On the frontlines in Beirut
A week after Beirut and its population were hit by massive explosions at a warehouse at the city’s port on August 4, everyone is still trying to come to terms with the scale and impact of the disaster. The explosions damaged large parts of the city, killing more than 200 people, injuring over 6,000, and with over 100 still missing as of August 10. It is estimated that over 300,000 people have been displaced from their homes by the explosions.
This is another devastating blow to the people of Beirut. And all of Hivos’ Beirut staff have been affected as well. One staff member lost a close relative, other colleagues’ family members and friends have been injured, and most report their homes have sustained some level of damage. Like the rest of the world, we mourn the loss of life and stand by the survivors and their families as they process this terrible tragedy and begin to re-build their lives and their city.
Sadly, the people of Lebanon are facing the latest in a series of crises inflicted upon its citizens by a dysfunctional political leadership which lacks the support and trust of its constituents, and has run the economy into the ground. All this amidst years of accommodating millions of refugees – the highest number per capita in the world. Today, the people of Lebanon are not only in mourning, but also in shock and very angry.
Civil society leading the response
In times of crisis, we turn to governments for support, safety and to lead the response. In Lebanon, it is courageous civil society organizations and brave communities which are on the frontlines of the emergency response. These entities and individuals are mobilizing immediate humanitarian support, searching for missing persons, removing rubble and debris from the streets, and opening up their homes to the displaced. They are the ones reaching out to affected communities. And they are the ones taking to the streets to demand a thorough and transparent investigation into the cause of the explosions, and most importantly, demanding accountability and justice.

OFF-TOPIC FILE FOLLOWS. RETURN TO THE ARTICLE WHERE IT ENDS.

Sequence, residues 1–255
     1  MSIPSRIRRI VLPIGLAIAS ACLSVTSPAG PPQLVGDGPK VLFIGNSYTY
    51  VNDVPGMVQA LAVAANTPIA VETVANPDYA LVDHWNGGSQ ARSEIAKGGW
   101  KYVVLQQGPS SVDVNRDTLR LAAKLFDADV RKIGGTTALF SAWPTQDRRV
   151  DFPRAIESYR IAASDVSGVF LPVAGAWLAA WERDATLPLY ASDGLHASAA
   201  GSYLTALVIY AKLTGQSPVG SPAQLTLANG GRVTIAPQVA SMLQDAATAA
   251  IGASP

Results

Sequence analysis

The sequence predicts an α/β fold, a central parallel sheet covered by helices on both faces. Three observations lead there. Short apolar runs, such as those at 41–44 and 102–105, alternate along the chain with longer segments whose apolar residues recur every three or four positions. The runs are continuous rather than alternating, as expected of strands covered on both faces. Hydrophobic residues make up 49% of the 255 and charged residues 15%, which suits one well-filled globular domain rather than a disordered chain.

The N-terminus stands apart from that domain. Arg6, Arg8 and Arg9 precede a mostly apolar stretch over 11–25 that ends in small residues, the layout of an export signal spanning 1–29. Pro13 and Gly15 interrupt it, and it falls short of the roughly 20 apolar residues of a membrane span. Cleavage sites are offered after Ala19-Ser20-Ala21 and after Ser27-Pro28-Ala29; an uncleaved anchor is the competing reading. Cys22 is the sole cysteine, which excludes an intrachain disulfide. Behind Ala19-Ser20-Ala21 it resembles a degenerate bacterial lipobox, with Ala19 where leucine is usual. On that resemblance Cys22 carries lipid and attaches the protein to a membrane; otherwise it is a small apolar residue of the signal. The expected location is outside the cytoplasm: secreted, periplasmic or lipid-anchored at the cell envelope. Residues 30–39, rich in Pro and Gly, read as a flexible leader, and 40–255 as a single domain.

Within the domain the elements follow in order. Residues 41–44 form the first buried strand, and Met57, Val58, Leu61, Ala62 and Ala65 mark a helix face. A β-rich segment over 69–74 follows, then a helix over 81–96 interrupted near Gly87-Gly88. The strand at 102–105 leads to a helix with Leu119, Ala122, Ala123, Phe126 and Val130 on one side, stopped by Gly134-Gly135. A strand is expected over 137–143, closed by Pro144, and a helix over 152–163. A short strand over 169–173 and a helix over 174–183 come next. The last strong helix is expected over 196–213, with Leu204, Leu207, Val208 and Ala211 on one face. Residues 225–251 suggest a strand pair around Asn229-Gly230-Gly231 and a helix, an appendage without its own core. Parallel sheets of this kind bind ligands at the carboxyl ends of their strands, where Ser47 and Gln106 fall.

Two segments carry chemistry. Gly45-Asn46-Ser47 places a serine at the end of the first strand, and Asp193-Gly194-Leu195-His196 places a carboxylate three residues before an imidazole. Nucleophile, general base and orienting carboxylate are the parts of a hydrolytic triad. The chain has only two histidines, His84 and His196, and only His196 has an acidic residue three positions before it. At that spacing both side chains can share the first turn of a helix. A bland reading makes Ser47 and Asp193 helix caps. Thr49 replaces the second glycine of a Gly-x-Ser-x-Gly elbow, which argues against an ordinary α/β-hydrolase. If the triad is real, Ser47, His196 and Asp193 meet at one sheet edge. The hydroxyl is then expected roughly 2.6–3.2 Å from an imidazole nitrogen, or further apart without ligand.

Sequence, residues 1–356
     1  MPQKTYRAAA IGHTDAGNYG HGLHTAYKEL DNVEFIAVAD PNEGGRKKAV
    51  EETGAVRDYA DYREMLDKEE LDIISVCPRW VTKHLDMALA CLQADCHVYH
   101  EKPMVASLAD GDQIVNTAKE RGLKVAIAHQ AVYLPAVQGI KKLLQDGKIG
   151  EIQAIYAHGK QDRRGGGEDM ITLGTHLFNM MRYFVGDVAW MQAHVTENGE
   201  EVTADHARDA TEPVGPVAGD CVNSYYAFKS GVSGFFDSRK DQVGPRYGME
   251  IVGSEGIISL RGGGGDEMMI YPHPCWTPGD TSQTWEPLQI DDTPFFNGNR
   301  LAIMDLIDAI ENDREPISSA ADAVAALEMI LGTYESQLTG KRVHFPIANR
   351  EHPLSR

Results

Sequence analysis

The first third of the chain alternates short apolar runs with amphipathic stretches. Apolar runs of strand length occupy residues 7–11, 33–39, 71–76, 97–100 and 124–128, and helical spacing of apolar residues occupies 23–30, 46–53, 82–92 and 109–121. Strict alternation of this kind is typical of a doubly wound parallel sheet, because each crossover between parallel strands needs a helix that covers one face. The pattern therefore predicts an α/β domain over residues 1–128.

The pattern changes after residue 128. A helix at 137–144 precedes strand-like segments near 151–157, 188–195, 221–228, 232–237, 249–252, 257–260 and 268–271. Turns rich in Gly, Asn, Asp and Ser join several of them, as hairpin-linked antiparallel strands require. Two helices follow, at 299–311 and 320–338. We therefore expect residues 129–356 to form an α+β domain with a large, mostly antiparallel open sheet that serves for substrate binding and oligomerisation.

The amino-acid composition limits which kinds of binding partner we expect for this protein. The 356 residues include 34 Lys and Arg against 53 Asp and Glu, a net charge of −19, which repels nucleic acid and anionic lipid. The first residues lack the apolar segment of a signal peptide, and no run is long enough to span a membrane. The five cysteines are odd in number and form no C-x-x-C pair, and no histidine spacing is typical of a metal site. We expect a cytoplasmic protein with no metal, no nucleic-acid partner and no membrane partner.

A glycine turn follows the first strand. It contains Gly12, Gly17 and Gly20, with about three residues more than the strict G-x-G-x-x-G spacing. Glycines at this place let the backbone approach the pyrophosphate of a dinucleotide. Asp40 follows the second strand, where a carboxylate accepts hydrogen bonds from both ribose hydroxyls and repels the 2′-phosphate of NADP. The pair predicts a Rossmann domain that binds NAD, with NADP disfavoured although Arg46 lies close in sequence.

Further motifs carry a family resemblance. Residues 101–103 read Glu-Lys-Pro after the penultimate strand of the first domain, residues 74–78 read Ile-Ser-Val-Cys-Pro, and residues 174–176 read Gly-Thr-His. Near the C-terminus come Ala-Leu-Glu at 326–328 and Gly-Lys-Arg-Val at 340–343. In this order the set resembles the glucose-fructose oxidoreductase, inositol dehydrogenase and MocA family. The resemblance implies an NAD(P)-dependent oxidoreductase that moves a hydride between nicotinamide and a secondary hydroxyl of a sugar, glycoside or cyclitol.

Hivos stands in solidarity with its national partners and other organizations and individuals who are working tirelessly for the communities they represent. We urge everyone to recognize their vital importance in leading and coordinating the response to assist those impacted by the explosions, providing critical life-saving health care (including psycho-social support), shelter, food, fuel, water and other basic needs.
While Hivos is not an emergency organization, we are in touch with our civil society partners in Lebanon to assess the support they, their beneficiaries and larger communities require. We will join and coordinate with more specialized humanitarian organizations from the Netherlands and Alliance 2015 in efforts to address the emerging needs resulting from this latest disaster.
Hivos calls on governments and international institutions to directly support Lebanese civil society organizations on the ground in responding to the urgent and immediate needs of impacted communities. We also call on international donors to put robust, transparent aid mechanisms in place to ensure assistance reaches the most vulnerable and most affected communities. We have no doubt that in the coming period, local civil society must and will play a decisive role in re-building lives and livelihoods, and reconstructing the city of Beirut. Our collective support and resources will be needed more than ever.